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Sophia N. Wassermann


PhD student in Marine Science at the National University of Ireland, Galway & Irish Research Council Government of Ireland Postgraduate Scholar. Interested in computational approaches to issues at the intersection of fisheries and climate change. Currently modelling mackerel collective behaviour. MSc in Biodiversity & Conservation (with Distinction) from Trinity College Dublin; B.A. in Environmental Studies from Vassar College.


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Hi, dear reader! This is an old post from a travel/adventure blog I used to keep. This is a wrap-up of old job as a Waterfront Intern at the School for Field Studies Center for Marine Resource Studies in the Turks and Caicos Islands, featuring a couple of last adventures with megafauna. End of an era!


I’m not in the Caribbean anymore. This week, I’m at the Society for Conservation Biology’s International Marine Conservation Congress, presenting a poster about tourist opinions on a swim-with-dolphins experience proposed for the TCI, which I worked on with the Environmental Policy faculty, Dr. Edd Hind-Ozan, and the wonderful students in the Spring. After the conference, I’ll be moving to Iceland for 9 months on a Fulbright student grant, the obvious choice of travel after 10 months in the Caribbean sun. I will try to keep this blog updated more frequently through that experience, though I don’t expect quite so many adventures and misadventures as on South. But, there’s always hoping and I am, most likely, going to fall on my face in some highly embarrassing fashion, which I will make sure to describe for your entertainment.

Speaking of adventures, I thought I’d leave you with one more story from the Turks and Caicos.

I’ve been very lucky in my megafauna sightings around South Caicos and I’ve checked off many of the animals on my bucket list: we see a Caribbean reef sharks, Southern stingrays, or spotted eagle rays on every dive, we catch and tag green and hawksbill sea turtles, and I was even lucky enough to see not only dolphins, but two humpback whales underwater. One of the more elusive creatures, however, are hammerhead sharks. There was one in the shallows while we were walking to shore while I was a student (a singularly thrilling moment, in many senses) and we saw one on a staff dive during the Fall semester, though I only saw the enormous dorsal and caudal fin as it swam away. The fishermen report seeing them every now and then, but they are rare on dives.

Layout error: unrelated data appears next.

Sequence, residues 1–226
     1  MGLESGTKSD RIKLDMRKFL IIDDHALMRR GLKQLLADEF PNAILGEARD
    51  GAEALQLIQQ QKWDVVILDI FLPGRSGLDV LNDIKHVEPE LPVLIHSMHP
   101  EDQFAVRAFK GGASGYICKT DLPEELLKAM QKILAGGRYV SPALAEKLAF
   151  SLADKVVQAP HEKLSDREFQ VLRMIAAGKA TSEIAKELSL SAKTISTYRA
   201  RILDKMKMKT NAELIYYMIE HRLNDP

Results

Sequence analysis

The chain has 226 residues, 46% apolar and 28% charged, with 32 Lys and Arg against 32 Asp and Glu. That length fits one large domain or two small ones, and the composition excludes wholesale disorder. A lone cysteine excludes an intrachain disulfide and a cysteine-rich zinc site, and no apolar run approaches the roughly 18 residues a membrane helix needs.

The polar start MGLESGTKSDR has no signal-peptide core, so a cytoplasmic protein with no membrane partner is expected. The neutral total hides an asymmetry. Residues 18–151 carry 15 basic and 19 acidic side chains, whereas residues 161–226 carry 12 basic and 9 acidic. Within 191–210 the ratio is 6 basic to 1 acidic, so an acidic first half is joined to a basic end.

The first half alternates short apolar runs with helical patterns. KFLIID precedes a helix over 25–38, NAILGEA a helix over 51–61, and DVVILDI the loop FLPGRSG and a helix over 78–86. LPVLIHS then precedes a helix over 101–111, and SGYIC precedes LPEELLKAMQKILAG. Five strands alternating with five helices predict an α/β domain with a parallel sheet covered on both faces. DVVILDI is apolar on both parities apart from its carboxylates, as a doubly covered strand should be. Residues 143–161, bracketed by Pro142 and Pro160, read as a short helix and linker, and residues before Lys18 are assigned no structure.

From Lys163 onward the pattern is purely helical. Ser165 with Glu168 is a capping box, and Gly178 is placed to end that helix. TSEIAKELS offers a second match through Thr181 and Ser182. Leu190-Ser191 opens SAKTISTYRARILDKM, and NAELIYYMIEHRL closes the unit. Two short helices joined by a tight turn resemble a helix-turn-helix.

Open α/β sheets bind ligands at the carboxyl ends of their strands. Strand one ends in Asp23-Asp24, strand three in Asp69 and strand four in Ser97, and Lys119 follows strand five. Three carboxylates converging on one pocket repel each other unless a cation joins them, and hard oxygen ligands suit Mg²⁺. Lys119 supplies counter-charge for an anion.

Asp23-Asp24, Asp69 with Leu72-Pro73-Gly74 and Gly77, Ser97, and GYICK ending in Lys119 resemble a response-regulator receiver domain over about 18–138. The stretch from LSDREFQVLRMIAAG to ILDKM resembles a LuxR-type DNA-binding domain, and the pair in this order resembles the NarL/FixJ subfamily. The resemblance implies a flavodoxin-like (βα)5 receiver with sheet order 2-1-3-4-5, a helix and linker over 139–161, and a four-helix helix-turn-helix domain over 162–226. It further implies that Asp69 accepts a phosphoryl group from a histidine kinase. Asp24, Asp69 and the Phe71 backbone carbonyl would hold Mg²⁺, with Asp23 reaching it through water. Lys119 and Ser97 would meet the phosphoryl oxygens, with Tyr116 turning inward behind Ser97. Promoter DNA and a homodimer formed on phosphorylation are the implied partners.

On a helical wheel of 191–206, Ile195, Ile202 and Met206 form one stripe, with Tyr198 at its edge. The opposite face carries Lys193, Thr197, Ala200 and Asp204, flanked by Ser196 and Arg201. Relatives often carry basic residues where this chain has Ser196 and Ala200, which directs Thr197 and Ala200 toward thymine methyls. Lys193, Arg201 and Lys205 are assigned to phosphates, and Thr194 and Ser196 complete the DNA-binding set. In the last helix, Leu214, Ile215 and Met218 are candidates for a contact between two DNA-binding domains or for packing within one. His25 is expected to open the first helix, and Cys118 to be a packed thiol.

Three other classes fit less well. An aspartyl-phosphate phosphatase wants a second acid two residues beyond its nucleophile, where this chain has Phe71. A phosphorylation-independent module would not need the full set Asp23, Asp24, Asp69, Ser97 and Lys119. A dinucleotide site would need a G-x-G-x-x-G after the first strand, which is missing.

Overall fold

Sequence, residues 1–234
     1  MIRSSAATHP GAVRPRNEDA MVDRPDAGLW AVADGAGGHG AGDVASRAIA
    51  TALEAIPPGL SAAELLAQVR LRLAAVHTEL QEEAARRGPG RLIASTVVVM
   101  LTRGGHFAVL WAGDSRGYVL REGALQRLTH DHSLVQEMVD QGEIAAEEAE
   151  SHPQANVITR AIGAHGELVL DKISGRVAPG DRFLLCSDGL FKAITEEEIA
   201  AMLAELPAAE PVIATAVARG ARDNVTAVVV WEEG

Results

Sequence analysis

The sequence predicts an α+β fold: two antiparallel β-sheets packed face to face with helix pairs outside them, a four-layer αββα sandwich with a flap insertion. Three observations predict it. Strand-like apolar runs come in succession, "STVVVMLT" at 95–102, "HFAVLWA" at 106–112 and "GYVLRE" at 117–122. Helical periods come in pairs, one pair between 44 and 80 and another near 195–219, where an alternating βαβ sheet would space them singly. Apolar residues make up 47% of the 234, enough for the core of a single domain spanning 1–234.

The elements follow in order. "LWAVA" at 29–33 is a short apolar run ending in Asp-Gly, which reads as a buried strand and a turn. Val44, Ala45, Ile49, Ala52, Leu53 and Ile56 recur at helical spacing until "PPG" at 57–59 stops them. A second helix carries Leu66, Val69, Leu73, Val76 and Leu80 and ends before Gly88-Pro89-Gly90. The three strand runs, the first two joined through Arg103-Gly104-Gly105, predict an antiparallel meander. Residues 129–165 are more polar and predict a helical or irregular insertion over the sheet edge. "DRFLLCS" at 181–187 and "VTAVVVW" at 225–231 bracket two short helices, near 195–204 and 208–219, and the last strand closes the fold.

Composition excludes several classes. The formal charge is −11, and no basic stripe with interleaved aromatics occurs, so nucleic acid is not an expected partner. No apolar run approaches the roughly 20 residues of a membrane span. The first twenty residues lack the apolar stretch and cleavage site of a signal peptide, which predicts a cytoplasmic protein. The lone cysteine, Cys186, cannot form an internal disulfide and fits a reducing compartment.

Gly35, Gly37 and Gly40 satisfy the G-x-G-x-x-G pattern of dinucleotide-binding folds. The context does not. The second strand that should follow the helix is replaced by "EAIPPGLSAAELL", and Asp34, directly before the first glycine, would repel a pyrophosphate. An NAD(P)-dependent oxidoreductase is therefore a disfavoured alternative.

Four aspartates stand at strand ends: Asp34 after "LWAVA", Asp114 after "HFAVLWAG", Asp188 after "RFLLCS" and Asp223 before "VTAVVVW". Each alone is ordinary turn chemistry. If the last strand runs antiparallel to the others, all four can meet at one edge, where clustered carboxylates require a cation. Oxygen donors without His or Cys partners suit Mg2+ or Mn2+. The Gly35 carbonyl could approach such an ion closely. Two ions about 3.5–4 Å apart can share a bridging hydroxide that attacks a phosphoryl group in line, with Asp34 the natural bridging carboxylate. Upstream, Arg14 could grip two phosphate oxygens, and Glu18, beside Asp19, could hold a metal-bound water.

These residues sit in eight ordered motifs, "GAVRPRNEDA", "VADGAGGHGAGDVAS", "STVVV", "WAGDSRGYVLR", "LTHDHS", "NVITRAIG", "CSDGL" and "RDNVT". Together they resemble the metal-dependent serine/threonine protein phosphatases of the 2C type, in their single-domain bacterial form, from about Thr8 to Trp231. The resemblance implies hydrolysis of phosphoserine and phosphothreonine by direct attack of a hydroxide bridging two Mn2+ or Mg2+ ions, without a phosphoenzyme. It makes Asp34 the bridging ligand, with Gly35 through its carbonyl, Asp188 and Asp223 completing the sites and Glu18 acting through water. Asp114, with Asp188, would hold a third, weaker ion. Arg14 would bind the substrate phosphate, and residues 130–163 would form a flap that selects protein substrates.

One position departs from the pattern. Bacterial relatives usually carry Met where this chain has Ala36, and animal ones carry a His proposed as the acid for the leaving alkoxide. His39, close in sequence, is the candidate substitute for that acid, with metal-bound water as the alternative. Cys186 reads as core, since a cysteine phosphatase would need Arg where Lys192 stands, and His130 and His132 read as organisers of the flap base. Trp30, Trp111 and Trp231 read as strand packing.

Well, this summer I saw a hammerhead. Like really close. Amazingly, it was my last dive of the internship. The summer students had left, we were done cleaning up after them, and in the midst of a few weeks of choppy seas making diving prohibitive when simply for staff recreation, we managed to get a dive in. Four of us went to the Arch, a great site for shallow student dives because of a beautiful natural coral archway, easy to swim under and always sheltering horse-eyed jacks, snappers, grouper, and lionfish.

The wall is further away from the mooring at this site, starting at about 100 feet before it drops to thousands. We were swimming along the wall, enjoying perfect 100+ ft visibility, water warm enough to dive without a wetsuit, and some calm after the rush of the end of the session, when, suddenly, a huge shape appeared over the wall. I was at the front of the group and didn’t see it approach, but turned around to see Tamsen, one of the faculty, staring up at a hammerhead shark, twice her size, winding its way around her. After a few seconds, it swam off. We froze, stunned, and then swam rather quickly away from the wall. We continued the dive, Tamsen further spooked by a curious turtle visiting the group, and returned to the boat just a little extra happy to be alive. None of the three people carrying cameras (including Tamsen) had the mental capacity to take a picture, but that image of a human dwarfed by this shark as it quickly twisted around her will stick with me for quite some time. What a goodbye to South Caicos!